Asphalt and Ablution – Halo 3: ODST Soundtrack

Despite the fact that this is the only track from the Halo 3: ODST Soundtrack that features on this list, it cannot be understated how fantastic the soundtrack for this game is. Despite the fact that, like all Bungie Halo games, this soundtrack was composed by the one and only Martin O’Donnell, the whole album sounds nothing like anything that has ever been in Halo before or since. For one, the welcome introduction of the saxophone as a regular recurring instrument in this soundtrack gives every track a dark, moody noir feeling, which fits perfectly with this game’s setting in an abandoned futuristic metropolis drenched in rain at night time, and the slower pace signifies the increased difficulty and setup of encounters in the game, since in this game you are no longer a super-soldier. If you’re a fan of night-time ambience, this track is for you.

Under Cover of Night – Halo Combat Evolved Soundtrack

Remade as In Amber Clad that was included on this list, as well as Cloaked in Blackness for Halo: Combat Evolved Anniversary, Under Cover of Night is different enough from its progeny that it stands out for more reasons than it just being the original. Playing at iconic parts of levels like Truth and Reconciliation and Two Betrayals, this track has the legitimate Halo identity that makes it so well-loved by fans.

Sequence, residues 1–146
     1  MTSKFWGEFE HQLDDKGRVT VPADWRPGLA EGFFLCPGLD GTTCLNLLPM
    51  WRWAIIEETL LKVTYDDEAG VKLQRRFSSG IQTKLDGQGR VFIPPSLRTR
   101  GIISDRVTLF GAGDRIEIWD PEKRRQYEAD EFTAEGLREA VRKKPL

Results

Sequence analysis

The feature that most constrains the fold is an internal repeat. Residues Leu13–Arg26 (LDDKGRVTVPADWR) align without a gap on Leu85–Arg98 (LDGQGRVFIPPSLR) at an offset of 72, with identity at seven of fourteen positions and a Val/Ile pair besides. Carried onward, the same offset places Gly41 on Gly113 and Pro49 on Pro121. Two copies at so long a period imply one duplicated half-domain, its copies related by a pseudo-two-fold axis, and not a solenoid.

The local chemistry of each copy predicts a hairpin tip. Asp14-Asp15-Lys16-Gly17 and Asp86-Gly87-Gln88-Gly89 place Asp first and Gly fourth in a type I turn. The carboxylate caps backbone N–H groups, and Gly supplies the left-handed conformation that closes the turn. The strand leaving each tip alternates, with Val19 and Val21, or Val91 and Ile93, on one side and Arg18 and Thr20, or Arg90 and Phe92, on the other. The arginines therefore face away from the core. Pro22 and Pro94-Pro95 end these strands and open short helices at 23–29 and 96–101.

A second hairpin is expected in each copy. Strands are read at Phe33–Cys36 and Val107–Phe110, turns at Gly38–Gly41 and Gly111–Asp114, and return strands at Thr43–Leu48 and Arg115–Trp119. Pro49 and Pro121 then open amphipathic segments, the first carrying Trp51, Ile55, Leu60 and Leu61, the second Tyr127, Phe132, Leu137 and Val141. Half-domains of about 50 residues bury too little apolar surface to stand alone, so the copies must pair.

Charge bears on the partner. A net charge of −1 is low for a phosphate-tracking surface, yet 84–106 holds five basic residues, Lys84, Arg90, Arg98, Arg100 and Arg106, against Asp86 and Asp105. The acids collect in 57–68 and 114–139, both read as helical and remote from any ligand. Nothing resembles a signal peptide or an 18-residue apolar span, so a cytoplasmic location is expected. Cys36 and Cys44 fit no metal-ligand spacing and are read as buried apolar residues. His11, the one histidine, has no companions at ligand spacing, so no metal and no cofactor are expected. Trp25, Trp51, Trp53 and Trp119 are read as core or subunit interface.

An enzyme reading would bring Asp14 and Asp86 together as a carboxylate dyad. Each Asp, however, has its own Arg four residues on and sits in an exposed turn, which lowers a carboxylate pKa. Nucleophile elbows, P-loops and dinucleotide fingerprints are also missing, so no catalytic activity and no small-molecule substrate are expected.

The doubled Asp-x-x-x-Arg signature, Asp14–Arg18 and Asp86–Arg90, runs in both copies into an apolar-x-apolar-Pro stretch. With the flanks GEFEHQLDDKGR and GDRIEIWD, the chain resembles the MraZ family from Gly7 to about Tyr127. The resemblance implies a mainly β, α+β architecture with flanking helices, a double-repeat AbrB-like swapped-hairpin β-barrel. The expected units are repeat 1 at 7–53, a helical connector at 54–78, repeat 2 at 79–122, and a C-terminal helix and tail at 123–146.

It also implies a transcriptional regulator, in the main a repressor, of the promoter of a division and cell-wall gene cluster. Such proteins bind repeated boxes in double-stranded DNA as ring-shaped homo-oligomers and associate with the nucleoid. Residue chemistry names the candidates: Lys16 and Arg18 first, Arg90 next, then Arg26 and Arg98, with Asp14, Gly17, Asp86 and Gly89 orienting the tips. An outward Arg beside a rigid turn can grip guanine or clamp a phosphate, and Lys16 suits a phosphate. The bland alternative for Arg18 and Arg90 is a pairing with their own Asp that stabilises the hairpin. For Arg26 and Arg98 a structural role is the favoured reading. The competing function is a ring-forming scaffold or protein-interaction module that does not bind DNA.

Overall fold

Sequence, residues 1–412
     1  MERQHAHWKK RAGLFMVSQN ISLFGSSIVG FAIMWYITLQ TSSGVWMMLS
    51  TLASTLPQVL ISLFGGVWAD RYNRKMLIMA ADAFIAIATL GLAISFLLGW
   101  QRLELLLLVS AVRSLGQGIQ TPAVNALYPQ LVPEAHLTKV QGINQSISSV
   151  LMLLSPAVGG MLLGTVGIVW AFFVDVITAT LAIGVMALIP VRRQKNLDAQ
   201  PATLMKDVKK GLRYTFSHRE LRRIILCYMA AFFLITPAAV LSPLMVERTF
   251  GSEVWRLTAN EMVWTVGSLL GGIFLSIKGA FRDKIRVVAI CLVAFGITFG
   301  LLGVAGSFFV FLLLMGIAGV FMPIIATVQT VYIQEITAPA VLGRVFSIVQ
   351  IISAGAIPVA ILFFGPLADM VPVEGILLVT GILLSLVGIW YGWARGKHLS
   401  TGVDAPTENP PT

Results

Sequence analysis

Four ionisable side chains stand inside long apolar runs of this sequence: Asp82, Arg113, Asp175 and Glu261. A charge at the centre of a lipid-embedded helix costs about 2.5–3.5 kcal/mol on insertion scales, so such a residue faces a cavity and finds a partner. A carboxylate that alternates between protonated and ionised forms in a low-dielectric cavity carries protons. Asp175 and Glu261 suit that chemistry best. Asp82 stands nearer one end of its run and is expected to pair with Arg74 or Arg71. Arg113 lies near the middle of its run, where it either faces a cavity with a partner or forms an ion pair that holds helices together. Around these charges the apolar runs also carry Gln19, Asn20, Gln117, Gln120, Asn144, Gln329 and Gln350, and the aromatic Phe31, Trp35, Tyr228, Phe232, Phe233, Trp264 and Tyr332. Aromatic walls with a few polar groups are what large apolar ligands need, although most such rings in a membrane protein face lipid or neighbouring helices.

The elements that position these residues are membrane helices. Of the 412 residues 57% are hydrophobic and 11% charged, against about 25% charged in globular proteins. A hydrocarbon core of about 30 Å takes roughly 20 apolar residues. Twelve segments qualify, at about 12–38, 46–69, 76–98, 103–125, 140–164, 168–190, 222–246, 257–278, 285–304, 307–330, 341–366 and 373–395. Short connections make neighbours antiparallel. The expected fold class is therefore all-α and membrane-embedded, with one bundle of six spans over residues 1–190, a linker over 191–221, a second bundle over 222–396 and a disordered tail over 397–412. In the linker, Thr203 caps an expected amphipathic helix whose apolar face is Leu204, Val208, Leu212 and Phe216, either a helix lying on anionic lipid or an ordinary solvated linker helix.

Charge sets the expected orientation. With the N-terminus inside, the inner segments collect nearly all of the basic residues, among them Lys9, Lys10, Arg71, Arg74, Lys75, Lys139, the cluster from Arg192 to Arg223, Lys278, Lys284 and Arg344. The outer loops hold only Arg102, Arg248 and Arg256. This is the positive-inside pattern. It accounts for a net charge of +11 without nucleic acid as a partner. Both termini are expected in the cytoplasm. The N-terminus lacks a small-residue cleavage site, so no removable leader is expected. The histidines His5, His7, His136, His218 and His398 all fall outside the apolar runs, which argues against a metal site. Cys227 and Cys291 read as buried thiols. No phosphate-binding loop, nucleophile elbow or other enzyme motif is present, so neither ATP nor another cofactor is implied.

One Final Effort – Halo 3 Soundtrack

Of all the bombastic versions of the Halo drums that exist, this is one of the best. Whilst the Halo Theme has been re imagined in dozens of different ways across almost all of the Halo soundtracks, from outside-the-box wind-chime atmosphere of Halo: Combat Evolved’s Ambient Wonder to the more traditional style yet non-traditional fusion with 117 in Halo 5’s The Trials, none can beat the simplistic yet effective application here in Halo 3’s One Final Effort. Played during one of the most memorable moments in the game, the climactic battle with a pair of Scarabs, this track has certainly made an impact.

This Glittering Band – Halo 2 Anniversary Soundtrack

A fantastic remastering of Leonidas that was included in the Delta Halo Suite of the original Halo 2 Soundtrack, This Glittering Band is played during the gondola ride over a gleaming lake in the sunshine as Covenant Banshees and Drones assault your vehicle from all angles. The tune is possibly more commonly recognised as being part of the Three Gates section of the Halo 3 soundtrack, as that too was a remake of Halo 2’s Leonidas. Being an Anniversary version, This Glittering Band incorporates elements from both the original and the Halo 3 version of its predecessor to find a perfect balance.

Peril – Halo 2 Soundtrack